Now’s as good a time as any to learn about the cerebral game of chess.
Off the back of the hit show ‘Queen’s Gambit’ on streaming platform Netflix, the popularity of the classic board game is on the rise.
What’s more, due to the COVID-19 pandemic which for some was a stark wake up call, the board game provides an excellent opportunity to stimulate the brain and put the phone down for a minute or two.
While there’s nothing wrong with watching TV or browsing social media from time to time, technology has become so integrated in our lives that a break from it once in a while is undoubtedly a positive thing.
If you’re stuck indoors on a rainy day or just don’t feel like leaving the house, but you also don’t want to get sucked into the social media vacuum, why not turn your attention to chess?
In this guide, we’re going to take a step back and talk about the history of chess and the benefits of playing, before zooming in and focusing on the meta of the game.
Benefits of playing chess
Chess has a chequered history, with pieces from the board game we know today being found all over the world even before the game came to market around the 6th century.
It wasn’t until the 15th century that the game really started to gain traction and become what we know it as today. Tournament play was made popular in the 19th century, yet today the world of chess looks worlds apart from what it once was.
These days you can find chess players pitting their wits against supercomputers, raising the debate of whether machines will always win at logic-based games. Fortunately, for now, the answer is no, and for human chess players there are plenty of benefits to taking up the game.
- Brain training
It’s no secret that chess is touted as one of the best games to sharpen your cognitive tools.
While it may be more convenient to open that brain training app on your phone or the game on your handheld console, why resort to yet more screens when you can have a screen-free brain-boosting experience?
After all, you want to give your brain a lift not deflate it with invasive bright lights and addicting video games.
Experts say that playing chess can not only raise your IQ score, but it could also potentially help lower the risk of developing Alzheimer’s disease.
- Improves memory
Playing chess can also work wonders for your memory.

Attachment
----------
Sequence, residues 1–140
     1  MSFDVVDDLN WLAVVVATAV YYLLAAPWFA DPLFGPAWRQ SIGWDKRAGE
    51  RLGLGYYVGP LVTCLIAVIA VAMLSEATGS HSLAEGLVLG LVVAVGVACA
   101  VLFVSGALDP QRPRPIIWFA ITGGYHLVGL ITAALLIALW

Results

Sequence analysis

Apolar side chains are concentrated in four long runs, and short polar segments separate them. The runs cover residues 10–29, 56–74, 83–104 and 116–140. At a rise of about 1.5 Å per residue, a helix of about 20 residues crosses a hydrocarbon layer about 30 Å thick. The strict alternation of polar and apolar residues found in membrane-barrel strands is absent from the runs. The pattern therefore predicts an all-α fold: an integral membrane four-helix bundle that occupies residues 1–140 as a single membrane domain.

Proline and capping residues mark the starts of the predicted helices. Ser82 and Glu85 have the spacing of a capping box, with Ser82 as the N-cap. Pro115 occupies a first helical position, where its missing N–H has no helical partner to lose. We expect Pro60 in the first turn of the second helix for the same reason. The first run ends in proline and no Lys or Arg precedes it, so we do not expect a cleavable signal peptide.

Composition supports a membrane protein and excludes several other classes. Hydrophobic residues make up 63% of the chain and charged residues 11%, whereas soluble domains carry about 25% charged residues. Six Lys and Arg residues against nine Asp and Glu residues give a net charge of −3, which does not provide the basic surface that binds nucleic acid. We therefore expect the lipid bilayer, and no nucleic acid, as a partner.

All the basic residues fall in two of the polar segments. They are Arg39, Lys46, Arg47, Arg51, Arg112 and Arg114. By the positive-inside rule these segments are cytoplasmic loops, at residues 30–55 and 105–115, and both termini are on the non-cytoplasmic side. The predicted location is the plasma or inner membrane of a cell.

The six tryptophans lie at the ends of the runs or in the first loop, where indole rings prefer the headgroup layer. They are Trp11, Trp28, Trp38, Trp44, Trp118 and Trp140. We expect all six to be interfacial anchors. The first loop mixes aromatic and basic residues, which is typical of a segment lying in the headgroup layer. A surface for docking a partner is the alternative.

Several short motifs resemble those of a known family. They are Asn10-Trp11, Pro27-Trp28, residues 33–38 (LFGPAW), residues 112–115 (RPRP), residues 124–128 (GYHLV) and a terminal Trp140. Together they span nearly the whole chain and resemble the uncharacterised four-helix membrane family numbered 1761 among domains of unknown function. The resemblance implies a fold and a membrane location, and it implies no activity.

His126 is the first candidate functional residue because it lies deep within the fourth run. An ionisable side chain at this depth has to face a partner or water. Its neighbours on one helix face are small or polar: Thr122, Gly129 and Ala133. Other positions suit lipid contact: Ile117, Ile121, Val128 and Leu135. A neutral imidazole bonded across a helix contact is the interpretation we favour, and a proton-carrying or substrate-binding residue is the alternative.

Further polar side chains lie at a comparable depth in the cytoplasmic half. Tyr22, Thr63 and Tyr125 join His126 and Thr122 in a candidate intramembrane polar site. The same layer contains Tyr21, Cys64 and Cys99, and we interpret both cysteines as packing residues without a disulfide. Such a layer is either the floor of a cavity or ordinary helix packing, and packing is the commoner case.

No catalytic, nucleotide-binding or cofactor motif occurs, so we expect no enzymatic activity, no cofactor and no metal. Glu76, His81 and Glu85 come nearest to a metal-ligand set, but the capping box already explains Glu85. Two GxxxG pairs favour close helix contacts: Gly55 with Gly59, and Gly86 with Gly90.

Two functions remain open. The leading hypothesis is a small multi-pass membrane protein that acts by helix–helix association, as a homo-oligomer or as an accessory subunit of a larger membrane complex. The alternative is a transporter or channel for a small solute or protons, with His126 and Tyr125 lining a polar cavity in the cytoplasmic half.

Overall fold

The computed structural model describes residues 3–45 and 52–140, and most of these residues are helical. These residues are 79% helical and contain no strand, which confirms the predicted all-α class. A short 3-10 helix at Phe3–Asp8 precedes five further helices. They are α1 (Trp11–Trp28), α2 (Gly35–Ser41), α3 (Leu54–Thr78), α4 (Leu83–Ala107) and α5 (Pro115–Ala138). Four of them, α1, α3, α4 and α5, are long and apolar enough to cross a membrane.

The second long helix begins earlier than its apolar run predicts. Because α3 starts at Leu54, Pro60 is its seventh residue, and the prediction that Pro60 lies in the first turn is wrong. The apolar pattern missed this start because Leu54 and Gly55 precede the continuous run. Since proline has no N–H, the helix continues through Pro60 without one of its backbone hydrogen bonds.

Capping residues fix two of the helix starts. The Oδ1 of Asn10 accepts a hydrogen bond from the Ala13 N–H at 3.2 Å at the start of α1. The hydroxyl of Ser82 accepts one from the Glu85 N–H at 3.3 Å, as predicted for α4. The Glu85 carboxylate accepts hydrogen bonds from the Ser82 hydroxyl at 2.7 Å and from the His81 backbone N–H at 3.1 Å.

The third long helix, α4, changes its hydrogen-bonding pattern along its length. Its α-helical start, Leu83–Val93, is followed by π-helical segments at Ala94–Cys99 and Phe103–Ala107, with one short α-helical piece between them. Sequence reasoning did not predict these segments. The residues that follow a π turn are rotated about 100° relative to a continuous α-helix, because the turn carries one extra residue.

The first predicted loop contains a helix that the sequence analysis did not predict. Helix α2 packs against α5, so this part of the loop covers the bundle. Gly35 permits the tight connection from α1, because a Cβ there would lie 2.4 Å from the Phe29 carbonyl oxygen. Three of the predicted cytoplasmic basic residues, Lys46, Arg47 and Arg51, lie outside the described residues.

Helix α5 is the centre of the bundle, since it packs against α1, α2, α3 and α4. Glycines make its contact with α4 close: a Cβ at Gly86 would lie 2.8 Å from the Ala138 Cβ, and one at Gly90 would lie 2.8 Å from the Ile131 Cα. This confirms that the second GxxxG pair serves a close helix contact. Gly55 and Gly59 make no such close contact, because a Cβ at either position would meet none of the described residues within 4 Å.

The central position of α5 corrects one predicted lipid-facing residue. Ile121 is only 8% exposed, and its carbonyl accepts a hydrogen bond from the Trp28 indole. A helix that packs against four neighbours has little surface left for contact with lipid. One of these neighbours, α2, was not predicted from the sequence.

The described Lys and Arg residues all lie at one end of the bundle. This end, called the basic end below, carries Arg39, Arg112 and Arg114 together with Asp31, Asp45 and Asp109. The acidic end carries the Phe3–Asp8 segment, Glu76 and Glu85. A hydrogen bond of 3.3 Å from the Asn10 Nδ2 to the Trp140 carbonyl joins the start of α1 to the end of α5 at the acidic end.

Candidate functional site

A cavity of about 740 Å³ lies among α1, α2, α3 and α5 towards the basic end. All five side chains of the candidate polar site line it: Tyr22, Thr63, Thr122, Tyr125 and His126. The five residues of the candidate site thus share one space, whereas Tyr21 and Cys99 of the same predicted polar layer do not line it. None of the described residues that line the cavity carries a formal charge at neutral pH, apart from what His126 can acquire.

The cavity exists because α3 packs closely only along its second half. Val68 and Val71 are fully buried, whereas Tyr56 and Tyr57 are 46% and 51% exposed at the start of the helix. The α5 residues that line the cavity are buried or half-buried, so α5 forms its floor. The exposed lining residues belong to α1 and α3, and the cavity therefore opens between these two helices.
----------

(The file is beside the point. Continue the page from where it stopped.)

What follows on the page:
If you are worried at all that one day your memory won’t be what it used to be, which happens to the best of us, then it’s a good idea to actively test it whenever you get the chance.
But how does chess test memory? You might ask.
Well, in the beginning, you have all the pieces to remember along with the specific ways in which they can be moved.
When you approach an intermediate level, there are various strategies floating around in your head as the opponent takes their move. Once they place a piece on the table, your mind starts racing trying to find memories of a similar move you’ve seen in the past in order to construct a worthy response.
At the advanced level, you might be able to channel some ‘Queen’s Gambit’ style chess board visuals on the ceiling. You may be able to visualise moves as they play out from your mind’s eye, drawing extensively from your memories.
- It brings out your creativity
It’s fair to say that most people wish they were more creative.
We wish we could be the people to write that play, paint that painting, or design that home.
Maybe we all have an untapped resource of creativity inside of us, waiting to be released. Or maybe we don’t.
Either way, it’s worth trying to unlock your creative potential, wouldn’t you say?
Chess can be an ideal opportunity to get creative, and have fun while doing so. A lot of people balk at the thought of trying to draw to get the creative juices flowing, since the majority of the time it can be a defeating experience as a roughly-drawn stickman is all that ever seems to appear on the page.
Studies have shown that chess can nurture the right-hand side of the brain and stimulate creative thinking.
Skills that kids learn at chess
Have you ever wondered what the benefits of enrolling your child in a chess club would be?